Kimberley - Purnululu (Bungles) - Helicopter Fun August 16 - 17 2018
  The inside of a Robinson R44 Raven 4 seat helicopter.

It can cruise at 200 km/hr. We will have a look at the Bungles from the air at a leisurely 150 km/hr.

We've arrived early with down jackets and jeans to combat a potentially cold trip. The doors have been removed for better sight seeing.

  07:45 am. The sun has risen in the east. We are flying roughly north east.

Looking east, this is the road to the car park for the beginning of Piccaninny Gorge (and Cathedral Gorge) track as it winds around the south west tip of the Bungles.

  As we cross the south west corner a bit to the east we encounter domes.

The shadows from the early morning sun are just as we wished.

  We can also look northwards along the western edge.

The northern campsite is somewhere around the far corner.

  We are moving fast, there's a commentary from our pilot, we are trying to avoid being disorientated by the helicopter, taking pics, and registering where we are.

We have 30 minutes.

While we are thinking about all of that we pass over more domes than we could possibly ever count.

  A bit hazy to begin with. We cut across the south west corner to the western edge then turn right to follow "Y Gorge". It runs roughly west to east.

This is looking north across the entrance to the gorge, before the turn.

  We both have cameras. And of course I forgot to synchronise the times. This is looking north across the entrance to Y Gorge.

We realise that the helicopter tour has names for more gorges than are named on maps or by the parks pamphlets.

  A hazy look into the gorge.
  And 6 seconds later we have moved around 200m.

But still looking into the gorge.


The other camera is admiring the rock formations to our east.

The bedding planes are horizontal. When the rock that covered the sandstone eroded the reduction in pressure caused faults within the sandstone. Containing roughly square blocks.

I know the fissures as grykes. Water slowly erodes the faults.

Which leaves clints. The domes.

  Deeper formations to the north.
  We zig-zag along Y Gorge.
  While seeing creek beds in the grykes.
  We crossed the end of Piccaninni Gorge approximately above where we stopped.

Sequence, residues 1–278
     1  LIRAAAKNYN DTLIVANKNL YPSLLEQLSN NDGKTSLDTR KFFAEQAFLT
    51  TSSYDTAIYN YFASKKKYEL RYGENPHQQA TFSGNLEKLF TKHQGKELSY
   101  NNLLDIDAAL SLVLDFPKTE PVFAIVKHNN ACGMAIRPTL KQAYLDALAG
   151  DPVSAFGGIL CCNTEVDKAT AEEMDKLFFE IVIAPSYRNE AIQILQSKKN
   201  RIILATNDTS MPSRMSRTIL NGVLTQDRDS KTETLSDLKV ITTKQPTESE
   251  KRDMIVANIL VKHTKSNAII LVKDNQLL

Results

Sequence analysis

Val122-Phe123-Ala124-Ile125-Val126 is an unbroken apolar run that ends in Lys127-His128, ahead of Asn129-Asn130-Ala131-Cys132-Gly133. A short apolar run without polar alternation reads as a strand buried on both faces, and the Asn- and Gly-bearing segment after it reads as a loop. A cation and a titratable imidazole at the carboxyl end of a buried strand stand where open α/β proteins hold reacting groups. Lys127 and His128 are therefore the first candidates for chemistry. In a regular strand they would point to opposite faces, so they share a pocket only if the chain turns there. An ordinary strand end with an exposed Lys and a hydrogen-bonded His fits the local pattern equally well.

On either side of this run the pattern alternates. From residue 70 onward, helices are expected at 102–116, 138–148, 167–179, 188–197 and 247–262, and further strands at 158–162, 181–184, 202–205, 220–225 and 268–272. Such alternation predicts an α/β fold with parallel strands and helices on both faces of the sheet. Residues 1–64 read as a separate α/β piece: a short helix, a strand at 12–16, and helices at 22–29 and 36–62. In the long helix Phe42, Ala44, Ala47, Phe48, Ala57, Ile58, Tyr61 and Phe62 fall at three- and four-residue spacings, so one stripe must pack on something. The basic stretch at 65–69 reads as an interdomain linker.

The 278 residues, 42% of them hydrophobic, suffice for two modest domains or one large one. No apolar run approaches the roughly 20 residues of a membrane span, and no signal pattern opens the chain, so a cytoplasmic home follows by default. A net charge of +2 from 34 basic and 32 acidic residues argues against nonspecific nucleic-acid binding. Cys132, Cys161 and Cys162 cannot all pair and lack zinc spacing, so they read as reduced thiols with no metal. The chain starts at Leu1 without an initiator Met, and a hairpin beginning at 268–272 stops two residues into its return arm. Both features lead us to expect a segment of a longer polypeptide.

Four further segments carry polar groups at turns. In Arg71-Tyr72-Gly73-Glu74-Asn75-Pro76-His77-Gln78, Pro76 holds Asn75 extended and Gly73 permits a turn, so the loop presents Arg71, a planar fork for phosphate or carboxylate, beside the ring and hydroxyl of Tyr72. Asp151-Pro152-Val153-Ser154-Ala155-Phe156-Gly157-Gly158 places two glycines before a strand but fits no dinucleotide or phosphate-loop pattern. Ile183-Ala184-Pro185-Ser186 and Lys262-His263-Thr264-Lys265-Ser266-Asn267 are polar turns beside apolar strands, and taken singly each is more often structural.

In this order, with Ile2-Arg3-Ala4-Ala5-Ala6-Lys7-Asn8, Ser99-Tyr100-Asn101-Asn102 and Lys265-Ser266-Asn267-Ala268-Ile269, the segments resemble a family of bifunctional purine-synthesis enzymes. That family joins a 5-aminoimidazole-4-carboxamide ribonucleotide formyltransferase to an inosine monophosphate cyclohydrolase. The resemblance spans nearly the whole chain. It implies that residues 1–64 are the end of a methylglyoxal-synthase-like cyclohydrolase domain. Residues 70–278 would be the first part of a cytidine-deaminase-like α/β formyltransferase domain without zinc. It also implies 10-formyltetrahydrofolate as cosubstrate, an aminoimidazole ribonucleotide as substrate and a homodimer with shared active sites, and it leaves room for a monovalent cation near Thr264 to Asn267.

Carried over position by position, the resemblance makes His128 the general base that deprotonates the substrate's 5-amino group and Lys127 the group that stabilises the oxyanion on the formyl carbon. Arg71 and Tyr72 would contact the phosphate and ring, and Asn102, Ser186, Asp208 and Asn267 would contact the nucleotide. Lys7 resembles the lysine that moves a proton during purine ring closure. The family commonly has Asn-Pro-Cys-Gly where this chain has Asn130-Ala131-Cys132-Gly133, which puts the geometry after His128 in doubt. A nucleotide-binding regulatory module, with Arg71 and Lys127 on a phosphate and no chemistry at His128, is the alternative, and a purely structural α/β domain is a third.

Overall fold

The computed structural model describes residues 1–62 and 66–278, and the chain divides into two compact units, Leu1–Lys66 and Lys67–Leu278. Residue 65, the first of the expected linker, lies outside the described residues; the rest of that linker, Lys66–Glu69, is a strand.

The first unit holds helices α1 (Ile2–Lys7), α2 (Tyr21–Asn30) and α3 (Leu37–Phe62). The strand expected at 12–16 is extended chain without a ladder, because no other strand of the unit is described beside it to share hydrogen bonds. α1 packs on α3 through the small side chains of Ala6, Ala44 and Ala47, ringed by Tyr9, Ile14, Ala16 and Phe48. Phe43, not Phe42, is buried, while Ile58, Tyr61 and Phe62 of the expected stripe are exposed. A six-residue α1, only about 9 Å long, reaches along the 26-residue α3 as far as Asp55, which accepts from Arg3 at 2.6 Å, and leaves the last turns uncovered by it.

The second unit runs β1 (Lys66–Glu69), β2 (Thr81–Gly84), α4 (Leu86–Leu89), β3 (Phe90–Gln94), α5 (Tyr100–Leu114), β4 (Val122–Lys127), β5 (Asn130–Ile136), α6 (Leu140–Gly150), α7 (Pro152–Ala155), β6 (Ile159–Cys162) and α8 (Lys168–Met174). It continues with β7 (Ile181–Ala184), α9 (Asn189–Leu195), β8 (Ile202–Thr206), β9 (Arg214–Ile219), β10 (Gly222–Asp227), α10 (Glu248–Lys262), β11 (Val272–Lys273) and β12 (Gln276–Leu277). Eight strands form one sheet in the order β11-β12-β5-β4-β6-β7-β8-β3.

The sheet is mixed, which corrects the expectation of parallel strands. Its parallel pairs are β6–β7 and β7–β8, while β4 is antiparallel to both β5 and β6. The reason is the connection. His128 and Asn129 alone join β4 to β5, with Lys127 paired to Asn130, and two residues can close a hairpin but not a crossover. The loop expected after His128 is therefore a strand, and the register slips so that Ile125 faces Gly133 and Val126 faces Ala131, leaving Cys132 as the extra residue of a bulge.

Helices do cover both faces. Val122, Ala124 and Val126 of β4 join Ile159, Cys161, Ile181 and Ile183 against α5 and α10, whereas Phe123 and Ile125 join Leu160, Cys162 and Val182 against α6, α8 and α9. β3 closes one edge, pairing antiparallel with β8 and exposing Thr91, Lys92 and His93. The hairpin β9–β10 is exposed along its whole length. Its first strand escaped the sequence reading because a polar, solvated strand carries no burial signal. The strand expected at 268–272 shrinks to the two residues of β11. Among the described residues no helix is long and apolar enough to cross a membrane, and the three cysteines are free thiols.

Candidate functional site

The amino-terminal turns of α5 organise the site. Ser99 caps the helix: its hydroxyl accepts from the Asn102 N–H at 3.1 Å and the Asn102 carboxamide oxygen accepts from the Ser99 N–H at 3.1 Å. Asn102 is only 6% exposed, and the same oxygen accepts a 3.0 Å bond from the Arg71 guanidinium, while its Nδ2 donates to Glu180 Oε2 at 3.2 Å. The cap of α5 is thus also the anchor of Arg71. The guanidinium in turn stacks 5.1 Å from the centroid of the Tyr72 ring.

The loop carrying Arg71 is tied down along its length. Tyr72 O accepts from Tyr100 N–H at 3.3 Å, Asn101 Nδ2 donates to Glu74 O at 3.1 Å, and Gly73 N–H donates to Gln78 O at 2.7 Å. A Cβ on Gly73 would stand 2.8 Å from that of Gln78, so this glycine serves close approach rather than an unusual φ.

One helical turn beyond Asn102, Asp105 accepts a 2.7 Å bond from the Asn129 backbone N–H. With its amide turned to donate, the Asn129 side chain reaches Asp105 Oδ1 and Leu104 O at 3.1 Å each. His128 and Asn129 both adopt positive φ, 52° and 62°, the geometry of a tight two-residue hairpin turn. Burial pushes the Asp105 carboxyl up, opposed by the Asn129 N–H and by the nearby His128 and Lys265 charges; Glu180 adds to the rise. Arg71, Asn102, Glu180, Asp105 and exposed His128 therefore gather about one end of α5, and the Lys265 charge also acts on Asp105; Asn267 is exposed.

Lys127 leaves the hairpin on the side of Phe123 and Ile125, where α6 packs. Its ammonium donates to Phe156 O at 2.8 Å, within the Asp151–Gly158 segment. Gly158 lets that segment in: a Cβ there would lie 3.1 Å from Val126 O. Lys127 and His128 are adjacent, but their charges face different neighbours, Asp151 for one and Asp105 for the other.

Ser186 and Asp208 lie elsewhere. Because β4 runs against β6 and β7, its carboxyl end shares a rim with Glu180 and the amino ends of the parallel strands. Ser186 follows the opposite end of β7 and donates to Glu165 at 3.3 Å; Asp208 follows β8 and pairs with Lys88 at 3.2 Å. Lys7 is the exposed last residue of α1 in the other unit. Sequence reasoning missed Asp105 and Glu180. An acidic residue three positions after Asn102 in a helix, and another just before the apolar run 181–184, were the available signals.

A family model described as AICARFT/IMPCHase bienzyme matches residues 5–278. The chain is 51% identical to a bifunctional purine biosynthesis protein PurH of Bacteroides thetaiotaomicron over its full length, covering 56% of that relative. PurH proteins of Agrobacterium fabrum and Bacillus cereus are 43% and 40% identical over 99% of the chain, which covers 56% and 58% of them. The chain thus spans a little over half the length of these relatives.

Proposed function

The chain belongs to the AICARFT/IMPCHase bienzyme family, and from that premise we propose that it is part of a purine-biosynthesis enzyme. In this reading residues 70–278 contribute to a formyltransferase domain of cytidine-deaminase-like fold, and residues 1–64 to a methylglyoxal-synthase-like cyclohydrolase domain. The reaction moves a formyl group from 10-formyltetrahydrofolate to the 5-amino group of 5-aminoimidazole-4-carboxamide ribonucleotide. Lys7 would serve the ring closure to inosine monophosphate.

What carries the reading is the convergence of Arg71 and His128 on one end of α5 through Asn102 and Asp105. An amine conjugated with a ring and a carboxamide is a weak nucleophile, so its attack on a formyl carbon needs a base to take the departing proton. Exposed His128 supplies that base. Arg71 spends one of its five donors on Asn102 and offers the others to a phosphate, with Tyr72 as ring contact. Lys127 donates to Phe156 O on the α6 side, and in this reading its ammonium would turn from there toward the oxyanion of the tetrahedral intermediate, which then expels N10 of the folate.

But its hard to take a pic through the floor of the helicopter.

This is looking north north east to a gorge along the north east edge of the masif.

One of the inaccessible gorges.

  And looking south east from the northern edge.
  The two cameras produce very different results.

There's a large bite out of the north east part of the masif.

Several gorges leading off that bite are sacred burial sites.

  We are in safe hands. No aerobatics. Just a steady plod at about 150 km/hr at an altitude of about 700 m.
  The bite becomes more obvious.
  We approach it gently zig-zagging along one of the gorges.
  A little further along.
  Then we are over the bite.

Looking west.

The sun is now to our left as we are turn south east.

  Somewhere out there is the Piccaninny Formation.

The remnants of a meteorite impact.

The impact probably occurred before the covering rock was eroded. A bit like the dinosaurs at James Price Point leaving their trace in underlying rock.

So we see more of a dome than a crater. And more of a plateau with the absence of the karst domes.

  At last.

Piccaninni Gorge, looking downstream (south east).


  Side Gorge 5 is to our left.
  We walked up the gorge to our right.
  As we zig zag along the gorge we can see the creek bed where we walked.
  The cliffs are 200 m high.
  Its difficult to imagine the forces that worked to create this landscape.
  No wonder we had trouble knowing where we were when walking!
  Still following the gorge south east we think we've reached the elbow as the creek exits the gorge and takes a sharp right turn to flow along the southern edge of the range.
  A few seconds later, although we are generally headed south east we zig and zag across the gorge.
  Still searching for the creek bed.

The pamphlet for the walk warned us not to wave to passing helicopters lest our wave is mistaken for a request for help.

We suspect the chances of being seen are fairly remote.

  Not yet at the elbow.

Our flight path is out to the left of the gorge and a long loop with the elbow on our right.

Not there yet.

  But getting closer.
  We were a bit disoriented.

Along the southern edge of the range there is more erosion. More domes than further north.

  A loop in the creek (after the elbow).
  We think the sun is just right as we head south west, to home.
  More or less following Piccaninny Creek with more zigs and zags.
  The white of the sand (the colour of the rock under its veneer) is very clear.
  The creek is slower so carries fewer rocks and more sand. The meanderings slow it further.
  The domes are most extensive in the south west corner of the range. The creek is widening.
  Then leaves the range.
  Looking north the car park for the walk is visible!

As is the creek as it turns south.

  What a fascinating place.
  The other camera operator thought so too.
  This "island", a little south of the main range, is about the size of Uluru.
  There's even a horseshoe.

Useful for holding cattle with minimal fencing required.

  A last look at that island with the other camera.
  After landing we watched the next party take off.

Then headed out of the park. Towards Halls Creek and Wolfe Creek.

  The flight path of the helicopter (and us) is in yellow. Clockwise .....
Kimberley / Red Centre - Wolfe Creek and Tanami Road August 18 - 21 2018

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